So I looked at  “sweet chicken” as I was beginning to call her and said, “Ok darling, we are going to have to just pray up a mate for you.” And we sat down together and did just that.  We put it out to God and all the chicken angels out there that she needed a mate.

Well, lo and behold,  I went to my community exercise class the next week and there was a woman announcing that a rooster had taken up in her woods.  She already had roosters so she could not take this one into her flock.  She wanted to know if anyone would like to help her catch and relocate this rooster.

Well, of course, I said I would.   How could I deny such fate?

So the next Sat. I got the phone call and off I went to capture this rooster. Now, you may not know this, but there are over 500 breeds of chickens.  Imagine my surprise when he turned out to be of the same breed. Well, of course, he did.

I had no idea what was going to happen that evening after transporting him across the community in a cage.  But, he was calm and content as I put him, cage and all in the coop.  My “sweet chicken” who was on the top roost, slowly came down to check him out.  She walked around the cage a couple of times and looked up to me as if to say, “well aren’t you going to let him out?”  So, I opened the door and released him.  He stepped out of his cage in a regal manner and calmly greeted her.  Then he hopped up on the top perch, she hopped up and they went to sleep.

I awoke at dawn and went to the coop to let them out. I did not want any cooped up emotions causing the feathers to fly.  My fears were unfounded as they emerged a sweet chicken couple.   They strutted and strolled all around the farm, like a southern debutante and her new beau at a formal cotillion. They cawed and cooed all the while exploring all the morning tasty morsels.  She showed him all of her favorite places and then brought him up to the porch to beg for breakfast.

They cooed and cawed in sweet, loving chicken language as she showed him all of her favorite hiding places, under the rhododendron bushes,( I am not sure what went on under there), in the forest behind the house, under the porch, around the compost bins where the  juiciest worms reside and, of course, the chicken day palace, where Tom and I often leave treats for them.

When evening arrived, he crowed a few times and they went to the coop, hopped up on the top perch together and went to bed. This was pure chicken romance.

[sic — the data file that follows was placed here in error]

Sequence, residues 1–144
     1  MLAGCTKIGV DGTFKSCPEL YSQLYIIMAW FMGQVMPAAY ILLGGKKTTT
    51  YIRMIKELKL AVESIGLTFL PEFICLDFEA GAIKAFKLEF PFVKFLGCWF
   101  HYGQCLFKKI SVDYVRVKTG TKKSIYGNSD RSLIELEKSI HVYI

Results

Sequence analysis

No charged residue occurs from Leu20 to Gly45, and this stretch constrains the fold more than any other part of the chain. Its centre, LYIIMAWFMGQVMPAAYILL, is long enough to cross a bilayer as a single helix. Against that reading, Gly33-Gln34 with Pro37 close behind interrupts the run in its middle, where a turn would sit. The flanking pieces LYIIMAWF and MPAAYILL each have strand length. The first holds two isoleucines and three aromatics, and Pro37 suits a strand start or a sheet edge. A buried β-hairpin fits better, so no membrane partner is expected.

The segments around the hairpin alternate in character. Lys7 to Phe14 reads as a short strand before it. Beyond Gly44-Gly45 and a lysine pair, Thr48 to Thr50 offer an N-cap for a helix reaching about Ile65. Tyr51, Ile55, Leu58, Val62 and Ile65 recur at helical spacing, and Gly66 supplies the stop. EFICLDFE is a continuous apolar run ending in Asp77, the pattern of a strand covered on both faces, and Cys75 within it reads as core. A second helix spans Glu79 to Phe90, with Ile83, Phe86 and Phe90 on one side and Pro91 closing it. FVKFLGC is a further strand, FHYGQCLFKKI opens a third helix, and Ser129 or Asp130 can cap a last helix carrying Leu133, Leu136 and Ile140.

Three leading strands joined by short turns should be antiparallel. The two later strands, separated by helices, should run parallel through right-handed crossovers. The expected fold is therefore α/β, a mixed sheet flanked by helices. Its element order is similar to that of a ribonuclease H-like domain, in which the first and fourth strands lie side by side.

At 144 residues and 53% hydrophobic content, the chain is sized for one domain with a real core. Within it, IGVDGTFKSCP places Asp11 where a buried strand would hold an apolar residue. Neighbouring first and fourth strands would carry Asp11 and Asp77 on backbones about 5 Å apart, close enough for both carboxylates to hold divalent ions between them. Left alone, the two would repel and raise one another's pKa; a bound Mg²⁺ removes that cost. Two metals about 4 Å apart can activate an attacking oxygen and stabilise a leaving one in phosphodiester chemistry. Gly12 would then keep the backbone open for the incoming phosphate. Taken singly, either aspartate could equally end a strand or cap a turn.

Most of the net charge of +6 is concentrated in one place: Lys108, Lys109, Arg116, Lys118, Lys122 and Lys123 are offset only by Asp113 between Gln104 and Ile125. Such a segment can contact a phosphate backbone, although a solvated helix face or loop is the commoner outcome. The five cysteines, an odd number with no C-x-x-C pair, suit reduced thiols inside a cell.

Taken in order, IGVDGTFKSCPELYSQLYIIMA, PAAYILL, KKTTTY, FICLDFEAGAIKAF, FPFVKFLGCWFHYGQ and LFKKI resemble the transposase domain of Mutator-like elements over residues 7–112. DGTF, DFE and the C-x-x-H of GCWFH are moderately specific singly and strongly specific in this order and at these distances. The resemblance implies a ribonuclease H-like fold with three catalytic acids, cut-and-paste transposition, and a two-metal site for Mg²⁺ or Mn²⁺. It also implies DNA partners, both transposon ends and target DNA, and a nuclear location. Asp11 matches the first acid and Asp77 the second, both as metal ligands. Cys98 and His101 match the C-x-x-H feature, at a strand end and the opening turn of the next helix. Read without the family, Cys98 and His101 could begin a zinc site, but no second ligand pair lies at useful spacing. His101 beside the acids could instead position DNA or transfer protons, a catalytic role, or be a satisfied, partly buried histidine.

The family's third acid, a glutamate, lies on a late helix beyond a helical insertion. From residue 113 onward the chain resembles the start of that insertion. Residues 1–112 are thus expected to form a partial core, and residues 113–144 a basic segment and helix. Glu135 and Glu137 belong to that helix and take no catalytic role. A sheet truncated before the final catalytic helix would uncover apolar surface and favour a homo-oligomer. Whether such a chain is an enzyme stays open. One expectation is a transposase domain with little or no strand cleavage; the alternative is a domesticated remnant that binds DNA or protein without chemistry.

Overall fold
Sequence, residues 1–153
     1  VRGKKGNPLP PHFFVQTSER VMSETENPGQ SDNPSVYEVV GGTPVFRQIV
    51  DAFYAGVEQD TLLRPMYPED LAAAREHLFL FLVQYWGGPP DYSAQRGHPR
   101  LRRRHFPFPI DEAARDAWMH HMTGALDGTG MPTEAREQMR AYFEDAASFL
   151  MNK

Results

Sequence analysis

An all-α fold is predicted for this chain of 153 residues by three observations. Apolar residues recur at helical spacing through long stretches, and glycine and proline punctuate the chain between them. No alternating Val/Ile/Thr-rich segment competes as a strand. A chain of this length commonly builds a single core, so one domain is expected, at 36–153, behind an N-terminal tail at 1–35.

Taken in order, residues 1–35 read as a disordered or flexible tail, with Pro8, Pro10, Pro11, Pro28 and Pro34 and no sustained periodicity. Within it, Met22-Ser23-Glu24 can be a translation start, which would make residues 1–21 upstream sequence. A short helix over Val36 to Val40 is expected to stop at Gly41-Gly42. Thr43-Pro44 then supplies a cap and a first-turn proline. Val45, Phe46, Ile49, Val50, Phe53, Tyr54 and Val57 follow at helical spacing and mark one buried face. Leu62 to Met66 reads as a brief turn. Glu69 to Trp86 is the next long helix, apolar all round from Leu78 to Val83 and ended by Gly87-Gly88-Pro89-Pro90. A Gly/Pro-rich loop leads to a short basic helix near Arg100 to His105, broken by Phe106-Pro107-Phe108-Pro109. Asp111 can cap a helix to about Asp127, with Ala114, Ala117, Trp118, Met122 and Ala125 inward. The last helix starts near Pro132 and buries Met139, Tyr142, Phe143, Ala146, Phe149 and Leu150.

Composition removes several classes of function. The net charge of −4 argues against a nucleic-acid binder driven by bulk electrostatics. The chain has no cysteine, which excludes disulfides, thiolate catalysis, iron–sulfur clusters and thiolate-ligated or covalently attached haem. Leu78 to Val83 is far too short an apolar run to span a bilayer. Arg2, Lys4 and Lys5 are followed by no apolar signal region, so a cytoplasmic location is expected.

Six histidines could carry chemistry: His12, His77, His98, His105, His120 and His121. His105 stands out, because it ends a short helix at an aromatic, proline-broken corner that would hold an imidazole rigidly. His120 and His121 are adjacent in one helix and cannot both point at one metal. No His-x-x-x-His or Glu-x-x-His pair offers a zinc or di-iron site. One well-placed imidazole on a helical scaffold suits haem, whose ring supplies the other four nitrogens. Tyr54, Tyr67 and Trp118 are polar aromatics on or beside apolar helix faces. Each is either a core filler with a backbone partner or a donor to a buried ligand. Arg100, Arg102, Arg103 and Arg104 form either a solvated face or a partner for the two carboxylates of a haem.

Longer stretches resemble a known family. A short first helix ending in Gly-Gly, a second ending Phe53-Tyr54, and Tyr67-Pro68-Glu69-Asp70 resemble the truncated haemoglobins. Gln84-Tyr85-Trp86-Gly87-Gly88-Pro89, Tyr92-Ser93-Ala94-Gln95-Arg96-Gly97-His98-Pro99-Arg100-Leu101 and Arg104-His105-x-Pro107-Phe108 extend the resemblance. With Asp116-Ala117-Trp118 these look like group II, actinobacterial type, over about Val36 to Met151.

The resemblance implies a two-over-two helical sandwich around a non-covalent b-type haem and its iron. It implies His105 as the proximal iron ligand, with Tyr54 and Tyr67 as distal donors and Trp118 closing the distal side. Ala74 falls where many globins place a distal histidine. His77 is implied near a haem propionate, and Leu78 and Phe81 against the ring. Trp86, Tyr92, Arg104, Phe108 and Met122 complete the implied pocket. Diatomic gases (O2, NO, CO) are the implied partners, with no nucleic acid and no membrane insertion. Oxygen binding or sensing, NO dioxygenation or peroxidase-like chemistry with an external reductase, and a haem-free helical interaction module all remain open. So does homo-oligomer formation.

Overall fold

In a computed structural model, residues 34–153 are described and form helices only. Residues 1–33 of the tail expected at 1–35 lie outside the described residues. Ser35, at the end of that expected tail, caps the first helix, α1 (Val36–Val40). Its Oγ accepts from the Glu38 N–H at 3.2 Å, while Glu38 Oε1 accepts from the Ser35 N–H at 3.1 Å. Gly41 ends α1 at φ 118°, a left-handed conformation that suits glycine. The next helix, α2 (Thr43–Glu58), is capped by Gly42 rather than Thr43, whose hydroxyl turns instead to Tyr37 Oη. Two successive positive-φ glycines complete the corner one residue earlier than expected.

So here is where you come in.  I need a sweet couple’s name.  And, no, Romeo and Juliet are just too tragic.  Let me know what comes to mind.  Name this couple!

Murder of Crows Saves Chicken

I witnessed a crow miracle today.  The forest gifted us a miracle that saved my sweet little chicken’s life.Crows

This year has been a difficult one for our chicken flock.  We free range our hens, because we believe that freedom is a precious thing.   We have also heard horror stories of caged hens being massacred by creatures tearing through fences and taking the whole flock at once.

So, sometimes the forest will take a hen or two to feed someone.   This year, the fox came to visit. I think she was raising a den of pups.  She would come and take a chicken about once a week until we were down to one poor lonely chicken.  Since the disappearance of her flock, this chicken has become somewhat dear to us.

We have a little routine, she and I.  Every morning she comes up to the porch to check in.  Then she nestles into an old garden basket in my outdoor pantry and lays her egg.  She cackles loudly to let me know she is done, then she jumps up on the porch railing to wait for me to feed her.  It’s quite endearing.

So, as you can imagine, I find myself just praying for her safety and encourage her to stay close to the house.  She is pretty “forest wise” and she flies up into the trees when threatened.  Some of the other breeds don’t do this.  It’s curious because they can fly.  But, often when they are under attack, many chickens will not fly.  They simply run.  This makes them pretty easy prey in the chain of life up here. Anyway, this chicken is a Spangler.  She is pretty savvy.  And, I pray.

This warm summer morning,  as I was watering the plants on my porch, I heard this incredible ruckus.  The crows came flying from everywhere.  They dove through the sky from the north, south, east and west.  They were screaming their crow call and diving down in this one spot in our meadow.  The grass and flowers were quite high so it was hard to understand the scene at first.  The crows kept diving and cawing until the fox turned away from her path to the chicken coop and went running, tail between her legs back into the forest.

I ran around the house to check and there was my sweet chicken.  I was so happy to see her. I gave thanks to the crows for saving her for one more day.  It was a chicken miracle day at  Dancing Sun Cabins.  I am so grateful.